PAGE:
BYU: Building a Community of Trust and Respect
of the Seventy
September 21, 2021
of the Seventy
September 21, 2021
My dear friends, today is a wonderful day to be alive. This is an amazing season in the history of the world. And we are here—here at Brigham Young University in Provo, Utah. I feel blessed, and I hope you feel blessed to be here.
Over the past thirty years of my life, I have served, worked, and lived in dozens of countries throughout the world—in places in which the Church is established and in some in which it is not; among members of The Church of Jesus Christ of Latter-day Saints and among those not of our faith. I have heard countless people express their desires and dreams to study at Brigham Young University, to be part of what we are experiencing right now, right here, today. I think it would not be inaccurate to say that there are tens of thousands around the world who would love to be here and enjoy the blessings we experience at Brigham Young University.
Why is that so? What is it about Brigham Young University that makes students and teachers from all over the world dream of studying and teaching here?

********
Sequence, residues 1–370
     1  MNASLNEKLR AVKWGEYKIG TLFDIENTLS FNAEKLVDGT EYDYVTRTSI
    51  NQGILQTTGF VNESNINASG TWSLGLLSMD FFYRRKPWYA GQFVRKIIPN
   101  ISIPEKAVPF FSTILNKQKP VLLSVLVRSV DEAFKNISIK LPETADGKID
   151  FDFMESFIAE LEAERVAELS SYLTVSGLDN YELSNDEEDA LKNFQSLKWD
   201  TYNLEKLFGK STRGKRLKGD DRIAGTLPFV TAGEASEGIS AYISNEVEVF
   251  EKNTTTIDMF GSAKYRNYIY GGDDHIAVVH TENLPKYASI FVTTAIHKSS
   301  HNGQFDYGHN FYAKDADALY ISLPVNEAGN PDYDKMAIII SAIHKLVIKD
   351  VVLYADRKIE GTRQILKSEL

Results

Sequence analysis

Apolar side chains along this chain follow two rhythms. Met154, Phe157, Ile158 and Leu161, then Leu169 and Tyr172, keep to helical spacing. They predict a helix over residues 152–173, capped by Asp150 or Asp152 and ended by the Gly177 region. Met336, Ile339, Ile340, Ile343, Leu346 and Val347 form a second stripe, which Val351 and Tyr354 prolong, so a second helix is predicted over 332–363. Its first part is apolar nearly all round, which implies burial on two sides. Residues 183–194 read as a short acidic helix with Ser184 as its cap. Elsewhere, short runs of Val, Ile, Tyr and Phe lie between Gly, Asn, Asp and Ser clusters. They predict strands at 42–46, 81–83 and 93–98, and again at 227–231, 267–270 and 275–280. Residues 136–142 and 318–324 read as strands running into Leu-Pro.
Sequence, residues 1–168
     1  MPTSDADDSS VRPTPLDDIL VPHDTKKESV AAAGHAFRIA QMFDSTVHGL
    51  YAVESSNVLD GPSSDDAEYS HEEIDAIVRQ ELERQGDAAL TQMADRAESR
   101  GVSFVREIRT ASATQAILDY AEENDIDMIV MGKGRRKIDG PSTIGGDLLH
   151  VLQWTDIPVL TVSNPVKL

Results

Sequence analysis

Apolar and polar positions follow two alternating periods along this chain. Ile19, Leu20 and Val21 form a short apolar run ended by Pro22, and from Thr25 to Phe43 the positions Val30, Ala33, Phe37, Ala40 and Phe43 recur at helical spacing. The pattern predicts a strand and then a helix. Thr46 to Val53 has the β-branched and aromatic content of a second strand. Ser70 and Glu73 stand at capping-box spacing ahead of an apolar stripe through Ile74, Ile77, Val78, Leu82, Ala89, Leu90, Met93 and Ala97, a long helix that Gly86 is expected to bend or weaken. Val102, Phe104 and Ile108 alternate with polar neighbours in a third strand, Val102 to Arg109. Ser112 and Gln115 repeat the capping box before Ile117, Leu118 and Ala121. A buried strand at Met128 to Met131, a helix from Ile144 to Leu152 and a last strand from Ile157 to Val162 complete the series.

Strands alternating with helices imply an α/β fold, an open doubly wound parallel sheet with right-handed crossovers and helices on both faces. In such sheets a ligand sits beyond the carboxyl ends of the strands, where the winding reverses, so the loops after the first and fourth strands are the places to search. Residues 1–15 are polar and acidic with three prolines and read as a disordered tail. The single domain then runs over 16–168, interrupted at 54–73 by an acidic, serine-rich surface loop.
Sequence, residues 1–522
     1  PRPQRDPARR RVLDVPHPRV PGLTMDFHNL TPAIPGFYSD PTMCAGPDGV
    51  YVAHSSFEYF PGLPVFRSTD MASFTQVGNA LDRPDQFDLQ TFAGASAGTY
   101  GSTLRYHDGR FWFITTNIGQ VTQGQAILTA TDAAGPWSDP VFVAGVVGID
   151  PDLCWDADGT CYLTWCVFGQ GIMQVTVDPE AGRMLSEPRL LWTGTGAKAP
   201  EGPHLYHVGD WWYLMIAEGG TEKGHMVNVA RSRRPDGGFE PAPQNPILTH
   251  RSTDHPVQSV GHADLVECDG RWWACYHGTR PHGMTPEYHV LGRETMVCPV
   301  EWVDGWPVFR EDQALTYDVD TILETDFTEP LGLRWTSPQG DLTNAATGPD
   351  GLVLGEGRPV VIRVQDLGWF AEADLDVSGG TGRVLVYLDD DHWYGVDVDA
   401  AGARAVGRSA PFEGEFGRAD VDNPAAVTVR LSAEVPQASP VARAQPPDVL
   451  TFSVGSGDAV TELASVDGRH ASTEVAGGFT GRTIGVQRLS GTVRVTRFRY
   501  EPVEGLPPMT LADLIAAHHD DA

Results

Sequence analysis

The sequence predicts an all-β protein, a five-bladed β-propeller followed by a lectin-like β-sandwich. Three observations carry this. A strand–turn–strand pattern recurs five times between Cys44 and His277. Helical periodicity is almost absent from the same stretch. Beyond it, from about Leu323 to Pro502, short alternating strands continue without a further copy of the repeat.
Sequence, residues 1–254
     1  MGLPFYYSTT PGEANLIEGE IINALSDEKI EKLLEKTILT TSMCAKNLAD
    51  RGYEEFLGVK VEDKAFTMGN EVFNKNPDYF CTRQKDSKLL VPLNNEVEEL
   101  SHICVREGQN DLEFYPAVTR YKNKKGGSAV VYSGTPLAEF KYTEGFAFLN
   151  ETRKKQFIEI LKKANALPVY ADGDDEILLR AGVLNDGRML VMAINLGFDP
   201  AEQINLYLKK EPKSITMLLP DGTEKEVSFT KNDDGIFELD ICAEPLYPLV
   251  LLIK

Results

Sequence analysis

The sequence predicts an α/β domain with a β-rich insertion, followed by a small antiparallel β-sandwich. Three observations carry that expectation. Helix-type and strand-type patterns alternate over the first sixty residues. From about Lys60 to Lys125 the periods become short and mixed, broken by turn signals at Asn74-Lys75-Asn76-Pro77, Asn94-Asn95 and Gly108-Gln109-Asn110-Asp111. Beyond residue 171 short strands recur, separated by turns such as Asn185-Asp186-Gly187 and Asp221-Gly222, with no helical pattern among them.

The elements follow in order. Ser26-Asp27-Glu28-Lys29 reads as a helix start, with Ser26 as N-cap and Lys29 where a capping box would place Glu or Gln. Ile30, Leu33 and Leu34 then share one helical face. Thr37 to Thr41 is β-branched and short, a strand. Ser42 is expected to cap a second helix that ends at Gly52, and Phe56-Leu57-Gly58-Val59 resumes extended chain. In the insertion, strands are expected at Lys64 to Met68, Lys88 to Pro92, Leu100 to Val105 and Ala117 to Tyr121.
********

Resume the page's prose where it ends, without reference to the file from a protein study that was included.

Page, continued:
The opening of the heavens to the Prophet Joseph Smith in 1820 began the Restoration of the gospel of Jesus Christ and resulted in the establishment of His Church again upon the earth. It also brought new understanding about the nature of the human soul, truth, and the divine processes whereby mortals obtain light, knowledge, and intelligence. Consider these profound, paradigm-changing declarations made by the Lord through the Prophet Joseph Smith:
These amazing revelations declare that all light, truth, and intelligence are in and proceed from God. All mortals are dual beings with bodies and spirits. Truth and light from God connect naturally to our spirits to enlighten our minds and our spirits, helping us to know what is true and real. The Spirit of God accelerates learning. Obedience to God supports learning.
These truths come with encouragement from the Lord to use our minds and spirits to diligently seek learning, light, and truth “out of the best books” (Doctrine and Covenants 88:118). The Lord encourages us to become
instructed more perfectly in theory, in principle, in doctrine [of things pertaining to the gospel] . . . ;
Of things . . . in heaven and in the earth, and under the earth; things which have been, things which are, things which must shortly come to pass; things which are at home, things which are abroad; the wars and the perplexities of the nations, and the judgments which are on the land; and a knowledge also of countries and of kingdoms. [Doctrine and Covenants 88:78–79]